"Most vendors are ready to move into beta testing now with their WS-Security-compliant products, expect to have them in production in the summer and anticipate users ramping up deployments as the year ends," said Bob Blakley, chief scientist for security at IBM's Tivoli software group in Austin, Texas.

Such projections are based on the belief that vendors will deliver products that can be easily connected, but that may not be the case. "These XML security specification are quite broad, and compliance is open to interpretation," said Pete Lindstrom, research director at Spire Security LLC, a Malvern, Pa., consulting firm. "A vendor can leave out one full set of functions but still claim to comply with the standard. Obviously, such a product would not work with another system using all of the functions."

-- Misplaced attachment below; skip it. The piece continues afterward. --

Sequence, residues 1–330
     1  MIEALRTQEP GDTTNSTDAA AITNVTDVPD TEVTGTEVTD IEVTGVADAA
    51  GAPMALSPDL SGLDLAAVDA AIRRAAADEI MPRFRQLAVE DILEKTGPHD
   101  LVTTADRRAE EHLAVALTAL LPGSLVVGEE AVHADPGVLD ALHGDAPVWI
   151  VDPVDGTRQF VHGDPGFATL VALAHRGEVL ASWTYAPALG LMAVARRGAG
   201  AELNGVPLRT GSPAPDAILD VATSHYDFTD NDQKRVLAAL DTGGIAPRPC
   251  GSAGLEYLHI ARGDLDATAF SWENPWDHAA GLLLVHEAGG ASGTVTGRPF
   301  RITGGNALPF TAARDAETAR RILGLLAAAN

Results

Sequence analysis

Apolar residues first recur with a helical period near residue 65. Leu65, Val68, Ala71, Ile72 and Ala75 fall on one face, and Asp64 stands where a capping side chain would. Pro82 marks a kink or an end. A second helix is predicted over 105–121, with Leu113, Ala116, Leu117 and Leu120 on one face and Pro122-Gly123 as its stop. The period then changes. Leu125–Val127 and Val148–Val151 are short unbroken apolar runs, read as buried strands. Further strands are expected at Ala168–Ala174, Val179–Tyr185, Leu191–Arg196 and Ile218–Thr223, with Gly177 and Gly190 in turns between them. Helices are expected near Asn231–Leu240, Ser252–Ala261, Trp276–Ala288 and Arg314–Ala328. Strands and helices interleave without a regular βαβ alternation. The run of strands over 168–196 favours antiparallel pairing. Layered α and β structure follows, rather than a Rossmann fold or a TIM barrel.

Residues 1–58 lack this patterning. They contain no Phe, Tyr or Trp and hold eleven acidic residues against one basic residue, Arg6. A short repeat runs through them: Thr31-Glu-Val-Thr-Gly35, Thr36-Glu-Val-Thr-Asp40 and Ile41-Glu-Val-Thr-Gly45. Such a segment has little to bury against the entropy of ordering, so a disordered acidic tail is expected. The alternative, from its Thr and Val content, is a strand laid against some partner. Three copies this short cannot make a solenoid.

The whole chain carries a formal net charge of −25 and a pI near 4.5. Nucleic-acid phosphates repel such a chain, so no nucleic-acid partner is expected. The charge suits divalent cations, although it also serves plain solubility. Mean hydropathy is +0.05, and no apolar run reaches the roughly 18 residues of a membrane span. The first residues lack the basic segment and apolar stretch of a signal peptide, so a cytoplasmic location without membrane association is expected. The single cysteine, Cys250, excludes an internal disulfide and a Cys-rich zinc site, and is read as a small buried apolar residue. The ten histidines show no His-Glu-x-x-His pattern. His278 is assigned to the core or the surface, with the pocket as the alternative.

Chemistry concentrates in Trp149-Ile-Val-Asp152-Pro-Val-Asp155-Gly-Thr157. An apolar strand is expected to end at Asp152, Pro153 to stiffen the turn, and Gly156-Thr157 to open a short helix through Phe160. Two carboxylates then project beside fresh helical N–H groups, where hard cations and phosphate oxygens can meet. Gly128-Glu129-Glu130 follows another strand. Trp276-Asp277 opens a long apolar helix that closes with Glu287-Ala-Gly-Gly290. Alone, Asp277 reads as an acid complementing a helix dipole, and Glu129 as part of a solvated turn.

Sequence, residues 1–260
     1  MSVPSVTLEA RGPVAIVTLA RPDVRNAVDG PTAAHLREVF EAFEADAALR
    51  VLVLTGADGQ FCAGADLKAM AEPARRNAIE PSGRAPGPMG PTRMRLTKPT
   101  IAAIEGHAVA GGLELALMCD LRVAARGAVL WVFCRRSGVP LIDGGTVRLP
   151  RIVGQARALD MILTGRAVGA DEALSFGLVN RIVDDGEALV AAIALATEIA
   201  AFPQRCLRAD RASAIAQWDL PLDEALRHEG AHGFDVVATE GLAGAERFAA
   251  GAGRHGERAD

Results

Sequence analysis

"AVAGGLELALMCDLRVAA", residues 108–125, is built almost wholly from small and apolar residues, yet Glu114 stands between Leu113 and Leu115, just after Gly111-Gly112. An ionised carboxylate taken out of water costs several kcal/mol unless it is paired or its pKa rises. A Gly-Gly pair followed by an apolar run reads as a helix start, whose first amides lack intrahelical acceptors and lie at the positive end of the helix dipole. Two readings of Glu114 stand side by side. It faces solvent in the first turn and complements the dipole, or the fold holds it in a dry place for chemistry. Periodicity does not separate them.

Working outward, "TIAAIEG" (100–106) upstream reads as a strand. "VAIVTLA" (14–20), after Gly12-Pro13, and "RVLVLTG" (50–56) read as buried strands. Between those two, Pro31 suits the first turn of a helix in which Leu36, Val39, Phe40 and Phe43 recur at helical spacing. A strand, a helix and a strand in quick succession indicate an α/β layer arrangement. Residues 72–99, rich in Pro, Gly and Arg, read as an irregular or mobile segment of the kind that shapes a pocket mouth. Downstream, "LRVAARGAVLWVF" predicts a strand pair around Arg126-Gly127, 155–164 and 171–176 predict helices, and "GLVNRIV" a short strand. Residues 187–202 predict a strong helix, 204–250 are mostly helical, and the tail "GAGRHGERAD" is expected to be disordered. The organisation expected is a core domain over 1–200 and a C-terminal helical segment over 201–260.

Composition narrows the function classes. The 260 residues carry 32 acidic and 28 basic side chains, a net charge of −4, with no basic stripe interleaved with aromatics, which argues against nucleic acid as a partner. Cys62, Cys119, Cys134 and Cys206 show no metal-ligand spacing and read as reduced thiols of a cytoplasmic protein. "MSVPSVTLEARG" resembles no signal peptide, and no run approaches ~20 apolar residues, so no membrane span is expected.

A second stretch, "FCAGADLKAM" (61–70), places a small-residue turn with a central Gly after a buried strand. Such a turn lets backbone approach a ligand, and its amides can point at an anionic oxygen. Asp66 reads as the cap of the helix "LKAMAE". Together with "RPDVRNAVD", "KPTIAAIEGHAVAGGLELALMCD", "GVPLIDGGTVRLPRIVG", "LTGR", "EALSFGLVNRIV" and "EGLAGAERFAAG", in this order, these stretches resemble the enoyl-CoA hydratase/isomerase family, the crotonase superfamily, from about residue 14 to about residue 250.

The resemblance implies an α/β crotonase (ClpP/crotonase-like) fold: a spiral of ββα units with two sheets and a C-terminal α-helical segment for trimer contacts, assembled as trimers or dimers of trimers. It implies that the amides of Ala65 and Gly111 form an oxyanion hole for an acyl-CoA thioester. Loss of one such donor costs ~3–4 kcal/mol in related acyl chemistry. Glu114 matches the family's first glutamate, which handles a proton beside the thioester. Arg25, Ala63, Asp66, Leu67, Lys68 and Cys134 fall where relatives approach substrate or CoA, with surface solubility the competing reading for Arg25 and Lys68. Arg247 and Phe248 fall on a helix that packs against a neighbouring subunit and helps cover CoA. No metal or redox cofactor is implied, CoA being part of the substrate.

Ideally, a customer would be able to tell how well different products would interoperate by turning to a third party responsible for compliance testing, a step typically taken with networking products, such as Ethernet switches. To date, no group has stepped forward to fill that void and it seems unlikely that anyone will.

"There was a lot of discussion initially among vendors about setting up a conformance-testing entity, but there were hurdles, such as how much money would be required to fund it and its legal liability, so the talk died down," said Eve Maler, XML standards architect at Sun Microsystems Inc.

So how smooth will the migration to XML security functions be? "Already, a few interoperability demonstrations have been held, and there have been only minor problems getting different products connected," Sankar said.

Others are pessimistic. "Distributed security is a complex issue, one that will require significant investments by users and vendors," Eustis said. "Progress is being made, but it will take a few years — maybe more — before we see easy-to-install solutions based on industry standards."

Korzeniowski is a freelance writer in Sudbury, Mass., who specializes in networking issues. He can be reached at paulkorzen@aol.com.